corruption economics

Uncommon Health From Commonwealth : The Economics of Corruption



I was barely ten, but the memory is very clear. There was this news headline about how a huge mansion had come up in the middle of Bihar’s poorest district, shortly after someone finished his tenure as Defence Minister. The amount (speculated upon) stuck in my mind; at a time when the only car in town, the HM Ambassador, used to cost Rs.18,000, the mansion was estimated at Rs.20 cr.

Declaimer: This article written was originally in November 2010, and some of the data points may be outdated.

Today, nobody remains: not the Minister, not his trademark white Ambassador, not even his mansion (I think). Bihar is now a better place, although I don’t know so much about that particular district.

The Power of Money

Politicians don’t usually make good investors, especially politicians who have misused power to get money. Most people first make money, and then find power. That is why we are mostly talking about moneyed people (mis)using power, like bosses in corporate life. However, in the case of politicians, who get where they are because they are purveyors of power, there is then no controlling their greed, once they start to get their hands on the money.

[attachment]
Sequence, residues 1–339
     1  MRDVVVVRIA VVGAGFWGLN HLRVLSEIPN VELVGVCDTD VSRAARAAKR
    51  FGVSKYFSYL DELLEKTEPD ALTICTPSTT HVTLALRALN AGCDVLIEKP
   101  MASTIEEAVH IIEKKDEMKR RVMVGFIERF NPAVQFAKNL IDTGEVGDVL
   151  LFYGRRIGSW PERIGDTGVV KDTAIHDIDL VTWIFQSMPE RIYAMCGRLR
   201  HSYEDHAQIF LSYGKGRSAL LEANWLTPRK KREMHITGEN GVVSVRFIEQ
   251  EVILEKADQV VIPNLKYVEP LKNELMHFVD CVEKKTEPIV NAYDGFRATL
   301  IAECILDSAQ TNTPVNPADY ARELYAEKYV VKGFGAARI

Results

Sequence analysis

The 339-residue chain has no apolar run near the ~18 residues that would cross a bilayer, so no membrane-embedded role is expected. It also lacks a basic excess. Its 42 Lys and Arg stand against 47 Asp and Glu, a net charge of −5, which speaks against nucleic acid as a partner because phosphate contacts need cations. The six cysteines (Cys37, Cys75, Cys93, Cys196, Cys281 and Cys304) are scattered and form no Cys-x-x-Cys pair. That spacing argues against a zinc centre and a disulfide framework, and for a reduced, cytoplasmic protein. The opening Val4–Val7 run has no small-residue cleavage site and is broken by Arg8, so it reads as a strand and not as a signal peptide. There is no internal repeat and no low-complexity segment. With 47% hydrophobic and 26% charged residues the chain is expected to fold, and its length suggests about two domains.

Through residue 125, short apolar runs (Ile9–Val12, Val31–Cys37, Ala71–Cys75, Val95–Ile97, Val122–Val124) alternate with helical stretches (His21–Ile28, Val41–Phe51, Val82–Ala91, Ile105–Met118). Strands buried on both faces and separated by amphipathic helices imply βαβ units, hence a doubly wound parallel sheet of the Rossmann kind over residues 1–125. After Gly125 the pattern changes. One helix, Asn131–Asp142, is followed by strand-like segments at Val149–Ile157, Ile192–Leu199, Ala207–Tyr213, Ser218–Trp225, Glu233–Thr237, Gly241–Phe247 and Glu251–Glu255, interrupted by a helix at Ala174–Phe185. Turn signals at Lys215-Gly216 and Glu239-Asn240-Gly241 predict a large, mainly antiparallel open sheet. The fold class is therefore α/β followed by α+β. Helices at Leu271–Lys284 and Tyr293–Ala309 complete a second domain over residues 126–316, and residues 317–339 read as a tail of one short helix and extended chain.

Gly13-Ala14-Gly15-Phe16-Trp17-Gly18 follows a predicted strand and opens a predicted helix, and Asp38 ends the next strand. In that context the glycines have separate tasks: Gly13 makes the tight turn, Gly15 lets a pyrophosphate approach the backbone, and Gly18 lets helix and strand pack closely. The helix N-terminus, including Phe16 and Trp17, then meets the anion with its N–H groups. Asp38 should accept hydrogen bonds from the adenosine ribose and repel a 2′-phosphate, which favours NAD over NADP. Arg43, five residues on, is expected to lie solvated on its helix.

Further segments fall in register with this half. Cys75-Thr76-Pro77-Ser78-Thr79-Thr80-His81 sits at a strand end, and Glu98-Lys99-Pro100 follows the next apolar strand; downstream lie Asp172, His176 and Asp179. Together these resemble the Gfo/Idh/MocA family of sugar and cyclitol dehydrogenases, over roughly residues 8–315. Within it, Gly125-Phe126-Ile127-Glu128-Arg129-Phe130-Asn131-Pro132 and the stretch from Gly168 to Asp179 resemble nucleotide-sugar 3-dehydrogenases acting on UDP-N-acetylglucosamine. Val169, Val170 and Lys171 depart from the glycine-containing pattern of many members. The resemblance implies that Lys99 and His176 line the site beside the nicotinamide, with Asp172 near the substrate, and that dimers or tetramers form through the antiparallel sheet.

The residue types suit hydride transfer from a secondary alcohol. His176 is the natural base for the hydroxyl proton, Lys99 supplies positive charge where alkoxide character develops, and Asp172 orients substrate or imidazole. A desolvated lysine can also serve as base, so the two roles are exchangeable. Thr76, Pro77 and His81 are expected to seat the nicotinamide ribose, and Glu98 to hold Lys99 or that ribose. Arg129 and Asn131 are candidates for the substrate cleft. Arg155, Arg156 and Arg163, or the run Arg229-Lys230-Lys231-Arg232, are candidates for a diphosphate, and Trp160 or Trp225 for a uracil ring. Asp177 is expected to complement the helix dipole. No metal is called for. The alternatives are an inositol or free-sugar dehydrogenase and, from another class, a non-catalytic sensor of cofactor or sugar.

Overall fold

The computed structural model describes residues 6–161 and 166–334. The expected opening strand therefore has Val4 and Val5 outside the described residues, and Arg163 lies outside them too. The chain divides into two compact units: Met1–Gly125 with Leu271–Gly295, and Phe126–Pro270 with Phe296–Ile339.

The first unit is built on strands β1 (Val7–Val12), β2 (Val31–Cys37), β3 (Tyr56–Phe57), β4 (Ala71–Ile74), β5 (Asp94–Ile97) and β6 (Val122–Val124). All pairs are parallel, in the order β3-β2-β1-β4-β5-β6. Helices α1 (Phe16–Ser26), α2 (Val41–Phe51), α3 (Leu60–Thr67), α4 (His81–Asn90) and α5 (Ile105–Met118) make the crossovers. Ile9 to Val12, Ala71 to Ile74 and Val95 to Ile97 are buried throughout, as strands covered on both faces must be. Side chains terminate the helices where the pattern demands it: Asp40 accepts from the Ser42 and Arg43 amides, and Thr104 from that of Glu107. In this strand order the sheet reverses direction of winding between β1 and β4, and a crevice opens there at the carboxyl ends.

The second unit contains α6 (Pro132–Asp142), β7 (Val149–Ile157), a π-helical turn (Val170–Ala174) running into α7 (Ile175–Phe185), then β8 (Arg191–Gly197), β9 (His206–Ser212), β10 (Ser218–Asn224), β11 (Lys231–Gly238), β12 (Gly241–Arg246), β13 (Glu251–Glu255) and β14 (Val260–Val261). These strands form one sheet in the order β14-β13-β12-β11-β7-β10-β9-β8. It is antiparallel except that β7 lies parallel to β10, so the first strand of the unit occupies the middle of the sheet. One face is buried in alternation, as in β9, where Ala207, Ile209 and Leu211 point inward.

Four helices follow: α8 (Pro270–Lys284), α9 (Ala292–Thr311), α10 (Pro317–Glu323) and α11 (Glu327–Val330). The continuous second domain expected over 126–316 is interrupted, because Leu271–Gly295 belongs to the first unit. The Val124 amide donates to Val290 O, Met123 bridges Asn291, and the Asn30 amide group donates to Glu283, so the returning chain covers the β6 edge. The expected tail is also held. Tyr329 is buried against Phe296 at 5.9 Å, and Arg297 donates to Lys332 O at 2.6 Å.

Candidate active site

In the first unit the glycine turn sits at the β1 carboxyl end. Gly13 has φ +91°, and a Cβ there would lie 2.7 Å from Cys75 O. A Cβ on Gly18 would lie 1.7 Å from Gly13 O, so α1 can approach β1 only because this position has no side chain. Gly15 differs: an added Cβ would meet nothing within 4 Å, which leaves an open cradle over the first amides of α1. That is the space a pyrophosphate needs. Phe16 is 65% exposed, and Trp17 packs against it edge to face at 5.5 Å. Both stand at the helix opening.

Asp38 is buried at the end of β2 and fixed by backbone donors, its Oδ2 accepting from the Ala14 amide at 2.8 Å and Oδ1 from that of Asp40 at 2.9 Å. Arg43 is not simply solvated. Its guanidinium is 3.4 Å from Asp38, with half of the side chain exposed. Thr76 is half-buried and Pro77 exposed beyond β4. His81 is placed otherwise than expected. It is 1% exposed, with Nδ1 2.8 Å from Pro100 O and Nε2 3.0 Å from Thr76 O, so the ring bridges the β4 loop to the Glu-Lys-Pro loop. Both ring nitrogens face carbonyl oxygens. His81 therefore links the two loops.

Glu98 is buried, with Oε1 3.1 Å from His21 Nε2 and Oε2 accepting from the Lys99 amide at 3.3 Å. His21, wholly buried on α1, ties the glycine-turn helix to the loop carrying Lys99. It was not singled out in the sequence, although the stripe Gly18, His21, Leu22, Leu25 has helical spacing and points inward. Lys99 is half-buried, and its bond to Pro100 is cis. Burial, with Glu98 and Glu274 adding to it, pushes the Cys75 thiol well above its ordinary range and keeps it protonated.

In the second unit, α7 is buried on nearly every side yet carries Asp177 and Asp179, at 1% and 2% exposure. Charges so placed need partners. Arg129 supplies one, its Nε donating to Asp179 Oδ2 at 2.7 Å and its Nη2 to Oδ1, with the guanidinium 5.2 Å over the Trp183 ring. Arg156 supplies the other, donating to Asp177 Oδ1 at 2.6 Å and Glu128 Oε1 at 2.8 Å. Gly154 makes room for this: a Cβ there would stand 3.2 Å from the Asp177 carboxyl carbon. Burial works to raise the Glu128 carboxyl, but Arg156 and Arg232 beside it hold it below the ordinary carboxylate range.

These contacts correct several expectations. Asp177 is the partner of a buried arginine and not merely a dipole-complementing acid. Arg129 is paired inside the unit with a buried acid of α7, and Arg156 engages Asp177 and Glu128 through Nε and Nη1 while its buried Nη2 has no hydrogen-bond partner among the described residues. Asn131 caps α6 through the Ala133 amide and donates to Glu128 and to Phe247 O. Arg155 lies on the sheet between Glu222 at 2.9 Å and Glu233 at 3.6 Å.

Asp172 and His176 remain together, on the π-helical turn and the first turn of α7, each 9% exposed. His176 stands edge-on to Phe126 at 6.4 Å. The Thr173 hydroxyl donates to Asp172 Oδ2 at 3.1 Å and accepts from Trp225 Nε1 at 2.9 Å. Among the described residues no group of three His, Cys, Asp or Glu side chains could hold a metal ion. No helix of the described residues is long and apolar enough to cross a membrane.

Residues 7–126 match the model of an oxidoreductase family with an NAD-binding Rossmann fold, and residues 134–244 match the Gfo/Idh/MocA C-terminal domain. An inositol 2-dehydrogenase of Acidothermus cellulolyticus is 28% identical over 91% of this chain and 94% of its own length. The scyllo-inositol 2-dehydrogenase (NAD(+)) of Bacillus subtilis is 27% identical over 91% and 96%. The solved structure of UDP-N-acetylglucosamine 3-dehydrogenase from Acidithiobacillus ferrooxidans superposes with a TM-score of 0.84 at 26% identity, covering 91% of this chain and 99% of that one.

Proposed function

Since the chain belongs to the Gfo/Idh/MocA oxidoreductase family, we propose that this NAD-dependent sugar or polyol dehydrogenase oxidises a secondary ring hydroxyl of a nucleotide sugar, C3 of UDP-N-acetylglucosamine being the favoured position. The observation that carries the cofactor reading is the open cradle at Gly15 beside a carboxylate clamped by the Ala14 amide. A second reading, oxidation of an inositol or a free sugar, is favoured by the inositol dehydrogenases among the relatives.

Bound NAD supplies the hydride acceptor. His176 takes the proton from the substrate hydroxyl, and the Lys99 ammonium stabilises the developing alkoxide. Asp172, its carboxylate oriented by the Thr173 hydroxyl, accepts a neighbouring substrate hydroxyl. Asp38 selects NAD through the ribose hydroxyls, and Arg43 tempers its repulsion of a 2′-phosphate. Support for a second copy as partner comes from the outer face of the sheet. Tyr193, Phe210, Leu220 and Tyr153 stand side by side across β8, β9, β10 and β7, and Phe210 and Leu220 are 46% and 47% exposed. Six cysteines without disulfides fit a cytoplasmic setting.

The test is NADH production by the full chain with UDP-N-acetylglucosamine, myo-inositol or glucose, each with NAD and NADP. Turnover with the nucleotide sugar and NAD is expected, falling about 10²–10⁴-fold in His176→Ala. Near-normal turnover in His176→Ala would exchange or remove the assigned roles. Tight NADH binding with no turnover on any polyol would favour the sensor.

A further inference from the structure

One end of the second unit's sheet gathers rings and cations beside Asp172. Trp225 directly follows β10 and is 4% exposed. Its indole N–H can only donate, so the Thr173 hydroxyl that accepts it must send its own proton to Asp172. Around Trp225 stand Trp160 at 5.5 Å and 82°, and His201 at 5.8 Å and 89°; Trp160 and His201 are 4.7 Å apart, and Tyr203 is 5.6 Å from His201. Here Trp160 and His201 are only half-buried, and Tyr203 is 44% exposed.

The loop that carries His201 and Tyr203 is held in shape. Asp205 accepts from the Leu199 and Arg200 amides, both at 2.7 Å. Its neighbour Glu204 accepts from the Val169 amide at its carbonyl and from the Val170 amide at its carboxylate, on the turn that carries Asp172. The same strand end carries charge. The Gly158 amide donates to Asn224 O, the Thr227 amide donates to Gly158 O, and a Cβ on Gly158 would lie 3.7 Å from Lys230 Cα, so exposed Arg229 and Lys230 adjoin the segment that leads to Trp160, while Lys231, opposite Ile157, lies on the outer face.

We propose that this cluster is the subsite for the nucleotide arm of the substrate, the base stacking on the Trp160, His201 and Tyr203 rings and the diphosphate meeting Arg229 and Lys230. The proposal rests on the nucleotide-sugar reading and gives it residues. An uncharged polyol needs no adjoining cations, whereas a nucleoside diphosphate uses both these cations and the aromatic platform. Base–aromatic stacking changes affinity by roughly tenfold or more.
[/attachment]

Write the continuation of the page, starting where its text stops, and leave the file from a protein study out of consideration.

It takes a long time, and a very sophisticated politician, who has been in power for a very long before they bring their corrupt instincts under control. The rapaciousness of the earlier Congress Govts, which reached their nadir under Indira Gandhi (ironically, the flag-bearer of Socialism) has been replaced by the gentler versions of Rajiv’s and now Sonia’s governance-focused Govts. Believe me, things will get a lot better under Rahul; I wish he would get married….I worry about the next generation of Gandhis!!

That is why it takes time for a democracy to evolve; it is accompanied by the growth of ‘political brands’. In the US, the Kennedys, the Bushes, the Clintons, etc. have dominated US democracy, while in India, we have the Gandhis, the Scindias, the Karunanidhis, etc. Wherever a politician gets entrenched, corruption will tend to fall; his thirst for money satiated, and he starts to focus on governance. In UP and Tamil Nadu, we have seen this in fast forward. The second tenures of new powers are always lower on the corruption co-efficient, especially if they have lost power once.

There are 2 ways to bring down corruption:

One, build checks and balances through the evolution, or the growth of independent institutions like the media and the judiciary. This, however, has created its own set of strange bedfellows: with the media getting concentrated in the hands of a few, you have newer versions of corruption like ‘paid news’, etc. Two, as ‘political brands’ start to dominate the scene, they will slowly change focus from money/ corruption to governance. It will be a long, slow, almost invisible process, but you will see it happen over a long time. That is why I wish Rahul would get married….